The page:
Can you believe it? July is almost over. Only about a month left before the dorms and classrooms will fill up on the campus of Bobby Mo. With that, another step closer to the NCAA basketball season. Compared to the past few off seasons, it’s been pretty quiet. There have been a few transfers around the league, but nothing too shocking. Schedules are leaking out slowly (including Robert Morris).
For the first time in a long time, there were not any coaching changes in the league, (nor any teams leaving after Quinnipiac and Monmouth left a year ago). This is probably the biggest reason that the league had a relatively stable offseason. Andy Toole and Jamion Christian both had their name attached to a few vacancies but both ended up staying put. Each will have a team capable of getting back to the NCAA tournament, and neither had an offer that was too appealing to pry them away from the two top programs in the NEC last season.
|Jones will look to lead the Colonials
in 2014-2015 (p/c Post Gazette).
The guys over at NYC Buckets broke down the NEC transfers this off season. Give it a read. There were a few small surprises, and Wagner was probably hurt the most. They lost lengthy big man Mario Moody and sharp shooter Jay Harris. Both would have been starters from the Seahawks, who lost quite a bit of talent to graduation as well.
EJ Reed of LIU was maybe the biggest surprise. Reed, an athletic forward with solid skill, was a major part of the Blackbird attack last year, and was expected to once again been a top tier option for LIU. Reed is heading to the DII level.
As for the Colonials, three players have moved on, but none are too surprising. Britton Lee and Jeremiah Worthem were dismissed from school in January, and neither will return. They would have had to sit out the entire first semester before they could even step foot back on campus, so they likely would not have been able to play for RMU much at all this season. Worthem is no doubt a tough loss, as he had NEC POY written all over him and would have been a major part of the team this season.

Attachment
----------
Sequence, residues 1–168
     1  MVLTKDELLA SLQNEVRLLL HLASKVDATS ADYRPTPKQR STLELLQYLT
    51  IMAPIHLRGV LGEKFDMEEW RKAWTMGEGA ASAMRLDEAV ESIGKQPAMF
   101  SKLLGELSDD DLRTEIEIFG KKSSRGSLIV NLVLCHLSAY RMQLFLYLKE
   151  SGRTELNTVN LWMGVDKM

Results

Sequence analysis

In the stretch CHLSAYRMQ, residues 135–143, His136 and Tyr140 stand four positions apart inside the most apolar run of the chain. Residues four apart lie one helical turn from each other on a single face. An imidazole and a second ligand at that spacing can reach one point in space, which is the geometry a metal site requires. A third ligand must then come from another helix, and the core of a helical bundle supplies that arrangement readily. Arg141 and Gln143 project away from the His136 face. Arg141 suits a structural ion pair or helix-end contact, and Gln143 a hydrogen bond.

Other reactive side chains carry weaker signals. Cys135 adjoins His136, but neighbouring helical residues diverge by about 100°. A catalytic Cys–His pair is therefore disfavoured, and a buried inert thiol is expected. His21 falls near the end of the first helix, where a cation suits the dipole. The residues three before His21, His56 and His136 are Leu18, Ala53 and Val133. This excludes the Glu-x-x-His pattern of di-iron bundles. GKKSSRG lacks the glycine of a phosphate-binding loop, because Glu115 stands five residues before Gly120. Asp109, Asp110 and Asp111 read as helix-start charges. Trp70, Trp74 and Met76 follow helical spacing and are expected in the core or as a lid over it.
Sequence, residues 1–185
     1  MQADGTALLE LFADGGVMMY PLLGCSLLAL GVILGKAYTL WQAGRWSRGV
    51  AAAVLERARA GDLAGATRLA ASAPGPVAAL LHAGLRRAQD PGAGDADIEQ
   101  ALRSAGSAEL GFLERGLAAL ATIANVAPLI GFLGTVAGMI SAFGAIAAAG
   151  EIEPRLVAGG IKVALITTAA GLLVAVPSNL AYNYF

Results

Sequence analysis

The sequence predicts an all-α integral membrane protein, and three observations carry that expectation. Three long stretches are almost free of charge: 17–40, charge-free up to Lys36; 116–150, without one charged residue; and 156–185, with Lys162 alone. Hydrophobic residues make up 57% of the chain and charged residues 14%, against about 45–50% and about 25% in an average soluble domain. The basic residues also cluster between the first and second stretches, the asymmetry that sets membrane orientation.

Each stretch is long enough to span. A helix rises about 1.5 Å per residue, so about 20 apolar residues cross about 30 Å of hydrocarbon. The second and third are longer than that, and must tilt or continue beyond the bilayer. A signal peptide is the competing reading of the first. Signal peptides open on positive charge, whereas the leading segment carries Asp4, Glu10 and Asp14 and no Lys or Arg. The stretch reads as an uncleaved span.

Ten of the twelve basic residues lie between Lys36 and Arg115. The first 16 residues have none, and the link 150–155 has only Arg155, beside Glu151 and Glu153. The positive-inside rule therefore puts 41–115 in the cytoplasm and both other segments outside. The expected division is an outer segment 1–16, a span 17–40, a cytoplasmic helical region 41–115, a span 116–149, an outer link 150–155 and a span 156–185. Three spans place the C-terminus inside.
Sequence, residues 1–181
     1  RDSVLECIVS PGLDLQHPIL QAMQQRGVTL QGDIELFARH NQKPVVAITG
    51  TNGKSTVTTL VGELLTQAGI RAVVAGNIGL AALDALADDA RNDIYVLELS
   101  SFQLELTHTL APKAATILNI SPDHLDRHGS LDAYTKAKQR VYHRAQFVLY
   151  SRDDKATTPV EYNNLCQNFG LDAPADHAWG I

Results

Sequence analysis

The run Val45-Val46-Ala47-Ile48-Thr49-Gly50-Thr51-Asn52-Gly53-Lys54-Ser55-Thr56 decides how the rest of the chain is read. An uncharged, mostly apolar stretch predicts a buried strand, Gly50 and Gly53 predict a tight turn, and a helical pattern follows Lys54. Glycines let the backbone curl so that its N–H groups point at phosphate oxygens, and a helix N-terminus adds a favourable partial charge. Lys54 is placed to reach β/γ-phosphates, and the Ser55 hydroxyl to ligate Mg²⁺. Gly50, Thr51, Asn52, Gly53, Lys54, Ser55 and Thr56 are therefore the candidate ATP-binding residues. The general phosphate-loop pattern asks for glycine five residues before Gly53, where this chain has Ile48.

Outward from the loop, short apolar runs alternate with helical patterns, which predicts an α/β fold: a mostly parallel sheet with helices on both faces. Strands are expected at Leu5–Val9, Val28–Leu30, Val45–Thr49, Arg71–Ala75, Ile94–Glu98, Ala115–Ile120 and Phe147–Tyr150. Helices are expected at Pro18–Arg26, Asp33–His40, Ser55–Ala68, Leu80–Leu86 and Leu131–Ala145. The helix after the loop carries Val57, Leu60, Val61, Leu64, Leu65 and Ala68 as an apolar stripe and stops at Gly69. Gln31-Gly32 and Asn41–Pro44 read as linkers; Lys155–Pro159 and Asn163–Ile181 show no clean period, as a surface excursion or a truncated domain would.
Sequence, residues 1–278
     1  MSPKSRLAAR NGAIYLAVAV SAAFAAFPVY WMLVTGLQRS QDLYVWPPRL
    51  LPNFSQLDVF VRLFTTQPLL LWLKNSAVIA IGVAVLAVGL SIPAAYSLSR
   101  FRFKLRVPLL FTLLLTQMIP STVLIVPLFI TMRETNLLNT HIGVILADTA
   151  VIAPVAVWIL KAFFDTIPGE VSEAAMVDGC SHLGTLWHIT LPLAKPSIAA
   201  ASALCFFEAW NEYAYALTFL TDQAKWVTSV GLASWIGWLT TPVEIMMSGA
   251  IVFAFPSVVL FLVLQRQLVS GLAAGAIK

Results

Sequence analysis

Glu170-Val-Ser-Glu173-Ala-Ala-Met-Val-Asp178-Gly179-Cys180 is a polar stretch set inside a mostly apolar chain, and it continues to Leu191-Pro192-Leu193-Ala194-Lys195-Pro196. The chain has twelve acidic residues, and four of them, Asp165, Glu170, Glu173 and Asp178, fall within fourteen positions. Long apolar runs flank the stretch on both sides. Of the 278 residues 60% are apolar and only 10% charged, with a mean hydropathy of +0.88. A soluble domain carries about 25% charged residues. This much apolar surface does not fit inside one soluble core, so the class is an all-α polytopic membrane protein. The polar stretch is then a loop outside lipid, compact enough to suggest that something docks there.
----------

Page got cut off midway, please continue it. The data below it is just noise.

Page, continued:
Desjuan Newton also left the team, but he also did not play for RMU in 2014 after stepping away from the team after Christmas. Worthem and Lee are at Junior College this season and could be back at the D1 level in 2016 (Surely Worthem will be). Newton is at a DII school.
As for recruiting, RMU had a lot of movement. With three players leaving via transfer, a few scholarships left over from the year before, and the graduation of Karvel Anderson and Ant Myers Pate, coach Toole had a lot of spots to fill throughout the roster.
For highlights and a detailed breakdown of each player, check out the class breakdown here.
The Colonials added freshman forwards Andre Frederick (Detroit, Mich.) and Elijah Minnie (Monessen, Pa.), freshman guards Jafar Kinsey (Syracuse, N.Y.) and Marcquise Reed (Laurel, Md.), junior forward Lionel Gomis (Dakar, Senegal ), junior guard Rodney Pryor (Evanston, Ill.) and sophomore guard Jairus Lyles (Washington, D.C.). They also added freshman preferred walk-on Ryan Skovranko (Pittsburgh PA.)